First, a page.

I don’t mean to continue to pick on a single reporter, but once again, Billings Gazette reporter Tom Lutey has done an incredibly sloppy job in his reporting, producing a story that is both inaccurate and one-sided in its description of the ongoing fight over Rick Hill’s Wikipedia page.
Wikipedia locked down former U.S. Congressman Rick Hill’s biography page Monday, after more than 30 attempts to add or scrub details about Hill’s past campaigns and his 1976 divorce.
Hill announced last November that he will run for governor in 2012.
The changes occurred over three days on the popular online encyclopedia written and edited by anyone who wants to contribute.
Depending on what time viewers read Hill’s Wikipedia biography between June 25 and June 28, his divorce was explained as “Rick divorced his first wife in 1976 and retained custody of his three boys….” Or, “Rick divorced his first wife in 1976 following an affair.”
Of course, a look at the Wikipedia history of Hill’s page shows that the battle over Hill’s messy personal history actually began in March, not days ago.
According to the same history page, the article was actually “protected” on April 24, leading to a month-long lull.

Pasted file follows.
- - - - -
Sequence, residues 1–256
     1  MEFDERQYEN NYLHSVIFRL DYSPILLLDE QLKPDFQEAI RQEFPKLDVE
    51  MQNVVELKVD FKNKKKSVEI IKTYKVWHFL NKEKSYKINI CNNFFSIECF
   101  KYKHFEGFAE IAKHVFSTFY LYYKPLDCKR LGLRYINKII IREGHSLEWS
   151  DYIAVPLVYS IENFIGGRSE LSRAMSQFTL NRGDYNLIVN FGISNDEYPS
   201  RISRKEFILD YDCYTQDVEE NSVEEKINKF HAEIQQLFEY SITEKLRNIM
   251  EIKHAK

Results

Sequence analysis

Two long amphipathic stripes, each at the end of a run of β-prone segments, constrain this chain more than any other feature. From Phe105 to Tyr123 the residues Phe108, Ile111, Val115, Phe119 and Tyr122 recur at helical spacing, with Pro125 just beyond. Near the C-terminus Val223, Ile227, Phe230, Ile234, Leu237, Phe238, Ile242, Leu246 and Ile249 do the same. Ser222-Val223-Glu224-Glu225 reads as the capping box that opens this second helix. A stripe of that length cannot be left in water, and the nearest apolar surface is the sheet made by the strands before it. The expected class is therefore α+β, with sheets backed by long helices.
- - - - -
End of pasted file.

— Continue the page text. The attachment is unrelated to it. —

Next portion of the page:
Lutey also writes:
The changes occurred over three days on the popular online encyclopedia written and edited by anyone who wants to contribute. Hill’s campaign manager, Chuck Denowh, acknowledges he had attempted to alter the website’s content, but that his try was futile.
“I don’t know who keeps changing it, who keeps throwing that crap out there, but whoever it is, they win,” said Denowh, who characterized the anonymous edits as vandalism.
A Google search would reveal that the MT Cowgirl blog first wrote about this issue on December 3, 2010, before addressing the issue a second time on March 4th, and finally again on April 30th, noting that Denowh was actually banned from editing on the page, given his close connection to the candidate.
After Denowh’s account was stripped of its editing powers, for violating Wikipedia policy, someone named Febessemer, who only edited Rick Hill’s page, started removing every critical (even cited) reference about the candidate. Fessebender was also subsequently banned.
How bad was this story?
- It had significant factual inaccuracies.
- It was months old, without any reference to original reporting.
- It allowed one subject of the story (someone twice banned from Wikipedia for self-serving edits about Rick Hill) to paint himself and his candidate as some sort of victim.
- It doesn’t even cite relevant Wikipedia policies about single-purpose accounts and sock puppets, both of which were used by Denowh.
Use Google. Attribute original reporting. Be accurate.
How hard would those be?